There are many influences and influencers in this world who want to mold you into what they consider to be your most successful self. While life coaches, therapists, bosses, spouses, mentors, colleagues and all the rest are chalked full of good, well-meaning advice, it should always be taken with a grain of salt – and with a little perspective on whether these directives are congruent with who you truly are as a person.
If you feel you’re lacking in certain areas, then absolutely, take it upon yourself to make the changes necessary to be the best version of you possible. If, on the other hand, you find yourself on a hamster wheel that is constantly spinning faster and faster as you strive ever harder to become the person someone else wants, thinks or tells you, you should be, put that wheel on halt. That’s the lesson I honed in on recently during a School of Greatness podcast with the legendary best-selling author and business guru Gary Vaynerchuk.
Gary V. may be an extremely successful venture capitalist, public speaker and astute investor, but that doesn’t mean he’s not plagued by the same insecurities as the rest of us. From aging to being a better husband/father to dealing with the dislike we all inevitably receive from at least a select few, Gary has felt and tackled it all. No matter how successful or insecure he’s felt along his storied career, this podcast keeps going back to the same lesson: you have to be true to you. You have to be selfless by being selfish. You have to stand independently to be great partner.
These statements may seem to stand in opposition of one another, but in reality, they make perfect sense. Your contribution to the world around you is minimal if you’re not making a major self-investment. Part of doing this successfully, Gary says, involves quashing self-doubt. When you believe in yourself and in your project, your abilities are limitless. This type of confidence and support can also go a long way into supporting others’ endeavors because, let’s face it, if you’re able to be your biggest cheerleader, cheering on someone else is easy by comparison!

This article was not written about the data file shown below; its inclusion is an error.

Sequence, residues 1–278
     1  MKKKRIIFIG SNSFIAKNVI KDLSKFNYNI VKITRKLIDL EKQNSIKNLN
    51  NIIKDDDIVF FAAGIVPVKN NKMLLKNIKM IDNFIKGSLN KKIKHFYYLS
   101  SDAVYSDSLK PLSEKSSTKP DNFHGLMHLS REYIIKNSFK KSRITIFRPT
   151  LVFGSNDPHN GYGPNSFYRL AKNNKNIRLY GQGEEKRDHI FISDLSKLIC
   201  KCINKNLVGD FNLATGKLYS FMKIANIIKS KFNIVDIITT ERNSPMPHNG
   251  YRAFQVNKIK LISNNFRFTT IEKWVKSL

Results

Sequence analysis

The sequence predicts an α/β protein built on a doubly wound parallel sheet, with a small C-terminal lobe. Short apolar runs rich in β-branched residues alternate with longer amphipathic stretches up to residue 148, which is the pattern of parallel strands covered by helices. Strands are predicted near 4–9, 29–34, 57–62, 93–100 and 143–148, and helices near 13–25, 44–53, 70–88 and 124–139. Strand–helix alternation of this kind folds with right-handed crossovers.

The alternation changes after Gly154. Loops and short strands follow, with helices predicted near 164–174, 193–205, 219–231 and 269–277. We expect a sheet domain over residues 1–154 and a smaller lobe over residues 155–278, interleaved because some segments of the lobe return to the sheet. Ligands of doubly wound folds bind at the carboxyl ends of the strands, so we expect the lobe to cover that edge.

Something else many people don’t know about Gary V. is that he actually hates to be disliked. That may sound like an obvious statement, as no one enjoys a critic, but there are very few high-profile, high-achieving people out there like Gary who will tell you that no matter how much money he makes or how many big deals he lands, he still cringes when he hears someone doesn’t like him. So how does he deal with it? He owns the criticism that rightfully comes his way. He tries to improve upon the points he can, and doesn’t beat himself up when his opinions or way of doing things doesn’t resonate with everyone. He can do this because he knows that is only one person’s opinion – just as his opinion is only one person’s opinion. It’s called perspective, people.
Gary V. also understands the power of negativity. That some people will dislike him no matter what, and that some friends and business partners just naturally adopt a “glass half empty” mentality. He weeds those people out where he can. Gary calls this “circle auditing,” a necessary tool to ensure you surround yourself with the best tribe possible. In essence, he wants you to subtract more of the negatives from your life to allow the addition of more positives, effectively overflowing your glass, which brings abundance to you, your passion projects and those you support. This notion brings us full circle on why it’s important to be selfish if you really want to give to others. And, giving to others, as we know, is the best type of karma for receiving more in return.
This all starts by showing the real you, unapologetically, to the rest of the world.